The graphics and audio play their role well enough and I enjoyed both. I bumped up to the ultra setting and I never once ran into any lag or issues so on that end it seems to be well optimized. The music is eerie and adds to the atmosphere while the sound effects fulfill their purpose; I would often listen closely for the sounds of angry creatures as a way to decide whether I should explore a new area cautiously with my weapon out or whether I could start searching for clues and items in relative safety.
Scary Good or Scary Bad?
With all of its potential, Fear the Dark Unknown certainly carried a number of flaws with it as well. First and foremost, its release date makes me nervous. Halloween is surprisingly close for the state that it’s in and I worry that rushing to release a horror game on “the scary holiday” may be the goal as opposed to waiting until the game is in a pristine state. Immediately upon starting the demo I was surprised to find that the recommended method of playing, the controller, simply didn’t have any indicator of its location on the main menu. I had to swap over to using the mouse to change the settings or get a new game started. Granted, I found no other issues regarding the controller after that but it immediately primed me for an experience that wasn’t going to be as smooth as I had hoped.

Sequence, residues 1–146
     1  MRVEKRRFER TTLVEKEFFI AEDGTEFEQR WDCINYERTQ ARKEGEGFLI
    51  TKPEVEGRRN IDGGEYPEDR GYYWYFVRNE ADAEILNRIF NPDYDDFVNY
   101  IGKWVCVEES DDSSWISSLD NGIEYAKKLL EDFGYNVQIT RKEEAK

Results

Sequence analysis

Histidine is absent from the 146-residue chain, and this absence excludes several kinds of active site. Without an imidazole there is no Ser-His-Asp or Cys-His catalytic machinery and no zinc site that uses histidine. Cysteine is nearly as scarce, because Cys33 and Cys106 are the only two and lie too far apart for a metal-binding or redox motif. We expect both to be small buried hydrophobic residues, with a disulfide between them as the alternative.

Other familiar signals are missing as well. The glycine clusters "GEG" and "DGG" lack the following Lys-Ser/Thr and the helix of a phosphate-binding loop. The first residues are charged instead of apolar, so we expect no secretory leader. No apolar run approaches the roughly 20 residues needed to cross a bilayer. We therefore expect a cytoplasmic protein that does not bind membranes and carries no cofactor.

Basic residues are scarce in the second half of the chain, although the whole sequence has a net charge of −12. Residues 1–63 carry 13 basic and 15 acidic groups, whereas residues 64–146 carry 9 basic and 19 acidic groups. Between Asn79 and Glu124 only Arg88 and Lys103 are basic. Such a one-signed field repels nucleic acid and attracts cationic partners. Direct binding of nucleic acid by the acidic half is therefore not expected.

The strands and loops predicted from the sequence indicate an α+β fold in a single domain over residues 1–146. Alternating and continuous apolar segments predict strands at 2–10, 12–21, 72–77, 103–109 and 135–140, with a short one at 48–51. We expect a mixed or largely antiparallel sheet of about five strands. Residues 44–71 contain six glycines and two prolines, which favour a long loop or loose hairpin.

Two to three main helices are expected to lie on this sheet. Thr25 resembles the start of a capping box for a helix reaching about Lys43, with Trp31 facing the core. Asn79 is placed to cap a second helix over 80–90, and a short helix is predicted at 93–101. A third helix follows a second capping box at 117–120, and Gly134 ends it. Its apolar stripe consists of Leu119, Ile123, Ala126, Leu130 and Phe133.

Although the atmosphere for the game was what I had hoped for, there was one thing that I found more terrifying than any of the monsters or scenes populating this horror hotel. It was the doors, and yes, I said the doors. It wouldn’t be an exaggeration to say that more of the enemies that I encountered would glitch into and get stuck in doors than those that wouldn’t. This certainly shattered my immersion and any chance of fear frequently as monsters would be attempting to sprint at me and making no progress because half of it was inside a door. But the real terror was yet to come as I, myself, glitched into a door upon opening one a little over an hour after I had started that playthrough. Unfortunately, there was no escape and since there are no saves in the demo, all of the progress was simply lost. If this isn’t fixed by release, this singular issue is one that utterly breaks the game as opposed to being a bit of a miss.
A final issue that stood out to me, though very minor compared to the previous ones, is that upon being injured, your screen will do the classic pulsing red with a heartbeat effect. I wouldn’t mind this if it was when you were near-death, but moving around hunched over with these kinds of effects after being only slightly injured to the point of being ‘fine’ seems like an oversight or a bug that hasn’t been squashed yet. It was certainly annoying after some time and resulted in me using a healing item or two that I wouldn’t have otherwise simply to reestablish the atmosphere that I wanted to play in.
I very much want Fear the Dark Unknown to reach a state where we can focus on the awesome game that is clearly there without the difficulty of working with its buggy features. If the demo that I had is any indicator of the current state that the developers are working on, we’re not there yet. My recommendation is to proceed with caution upon release; we may be getting a gem of a survival horror game but we may also be getting an unfinished product rushed out to meet a Halloween deadline. Either way, I hope that this review is made obsolete by the developers who are on the cusp of releasing a great entry to the survival horror genre as long as they put the effort into doing so.